These are bad times for Canada’s forests. We are slowly losing our forested areas across the country, as new growth fails to keep up with increased harvests. And we are plagued by bitter conflicts over how forests should be managed. In Northeastern Ontario’s Temagami region, disputes over logging have resulted in demonstrations, blockades, arrests, court challenges, and even an explosion. The Ontario government has opened up vast areas in the region to logging and mining. But native people claim the area’s lands as their own and demand the right to manage them. Meanwhile, environmentalists insist that the provincial government close access roads and set up a wildland reserve to preserve some of our last remaining old-growth white pines.
Toronto’s ban on cutting healthy, mature trees on private property will likely do more harm than good, an environmental group warns.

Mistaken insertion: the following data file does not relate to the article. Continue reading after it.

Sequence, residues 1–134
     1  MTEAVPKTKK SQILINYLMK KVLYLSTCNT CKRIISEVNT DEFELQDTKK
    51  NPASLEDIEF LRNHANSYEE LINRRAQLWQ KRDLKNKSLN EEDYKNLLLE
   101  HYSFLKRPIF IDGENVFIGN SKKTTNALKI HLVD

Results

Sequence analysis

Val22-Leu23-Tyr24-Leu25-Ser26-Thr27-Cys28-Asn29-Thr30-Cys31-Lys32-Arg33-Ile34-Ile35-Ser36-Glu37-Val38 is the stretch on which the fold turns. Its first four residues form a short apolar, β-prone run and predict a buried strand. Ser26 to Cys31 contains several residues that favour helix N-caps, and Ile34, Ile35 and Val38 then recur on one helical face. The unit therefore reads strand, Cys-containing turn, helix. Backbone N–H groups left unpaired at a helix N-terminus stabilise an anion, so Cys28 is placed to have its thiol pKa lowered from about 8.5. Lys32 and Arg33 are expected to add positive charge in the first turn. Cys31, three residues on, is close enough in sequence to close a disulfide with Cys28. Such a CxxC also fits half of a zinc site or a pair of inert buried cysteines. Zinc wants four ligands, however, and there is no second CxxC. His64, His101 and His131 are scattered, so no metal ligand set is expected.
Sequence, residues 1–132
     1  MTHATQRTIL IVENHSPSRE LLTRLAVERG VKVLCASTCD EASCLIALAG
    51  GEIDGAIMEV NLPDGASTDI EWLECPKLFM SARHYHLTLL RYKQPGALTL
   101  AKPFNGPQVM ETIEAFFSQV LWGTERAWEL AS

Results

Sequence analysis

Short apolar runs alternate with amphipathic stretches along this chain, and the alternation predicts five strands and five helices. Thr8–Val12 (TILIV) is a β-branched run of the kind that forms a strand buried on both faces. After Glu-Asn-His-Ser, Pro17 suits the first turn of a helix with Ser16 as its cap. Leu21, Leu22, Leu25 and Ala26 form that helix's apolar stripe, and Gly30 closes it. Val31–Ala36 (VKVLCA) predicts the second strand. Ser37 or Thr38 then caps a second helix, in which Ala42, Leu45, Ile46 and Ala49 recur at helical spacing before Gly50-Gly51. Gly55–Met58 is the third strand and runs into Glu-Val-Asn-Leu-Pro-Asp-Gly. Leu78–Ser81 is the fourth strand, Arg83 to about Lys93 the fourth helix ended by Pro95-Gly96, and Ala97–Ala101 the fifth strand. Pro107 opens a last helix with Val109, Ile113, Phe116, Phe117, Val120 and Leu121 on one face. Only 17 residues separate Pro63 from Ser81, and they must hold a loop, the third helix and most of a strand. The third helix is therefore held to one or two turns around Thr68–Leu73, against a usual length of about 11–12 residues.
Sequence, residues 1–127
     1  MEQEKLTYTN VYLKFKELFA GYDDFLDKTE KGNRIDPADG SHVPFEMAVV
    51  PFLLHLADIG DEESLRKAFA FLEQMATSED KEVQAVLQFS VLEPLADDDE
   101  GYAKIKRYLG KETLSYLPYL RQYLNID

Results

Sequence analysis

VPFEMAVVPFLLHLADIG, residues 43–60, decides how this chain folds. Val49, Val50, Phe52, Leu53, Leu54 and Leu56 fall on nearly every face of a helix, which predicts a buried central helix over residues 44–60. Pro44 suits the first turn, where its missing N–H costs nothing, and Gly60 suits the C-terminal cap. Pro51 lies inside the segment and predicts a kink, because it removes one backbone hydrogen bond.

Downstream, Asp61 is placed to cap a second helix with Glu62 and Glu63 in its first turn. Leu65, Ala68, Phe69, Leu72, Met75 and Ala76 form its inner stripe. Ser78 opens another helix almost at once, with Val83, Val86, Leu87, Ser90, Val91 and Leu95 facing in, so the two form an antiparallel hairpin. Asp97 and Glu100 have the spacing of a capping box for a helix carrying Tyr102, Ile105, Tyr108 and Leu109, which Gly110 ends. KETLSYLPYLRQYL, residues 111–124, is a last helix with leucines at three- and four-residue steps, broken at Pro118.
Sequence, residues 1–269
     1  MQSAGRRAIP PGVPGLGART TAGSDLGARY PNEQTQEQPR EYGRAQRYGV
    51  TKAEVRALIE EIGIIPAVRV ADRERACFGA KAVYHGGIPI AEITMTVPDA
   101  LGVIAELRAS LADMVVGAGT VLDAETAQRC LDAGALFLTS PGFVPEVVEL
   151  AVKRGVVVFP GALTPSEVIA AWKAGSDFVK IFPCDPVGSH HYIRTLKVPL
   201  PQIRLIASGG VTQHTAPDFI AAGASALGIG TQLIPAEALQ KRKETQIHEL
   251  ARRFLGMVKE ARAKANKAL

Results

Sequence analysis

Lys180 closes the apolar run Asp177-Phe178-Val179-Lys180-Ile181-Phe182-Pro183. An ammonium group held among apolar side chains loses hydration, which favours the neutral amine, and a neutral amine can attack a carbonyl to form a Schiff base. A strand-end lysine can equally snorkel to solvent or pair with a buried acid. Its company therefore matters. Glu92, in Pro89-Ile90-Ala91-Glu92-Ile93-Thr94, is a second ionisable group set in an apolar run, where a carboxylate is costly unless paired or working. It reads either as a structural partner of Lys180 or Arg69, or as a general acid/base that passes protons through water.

RECREATIONAL use of Ontario’s forests has the potential to bring far greater riches to the provincial economy than logging, a new study commissioned by the province suggests.
Wherever trees grow on private land, forest owners seem to draw the ire of their governments. The government of Ontario has a problem with the way many of its small, private woodlot owners tend their forests: They won’t cut down their trees. The government’s surveys conclude that these smallholders – mostly farmers, professionals and retirees, who control more that 10 million acres of timberland – have what government experts call "a rather indifferent attitude" toward their land.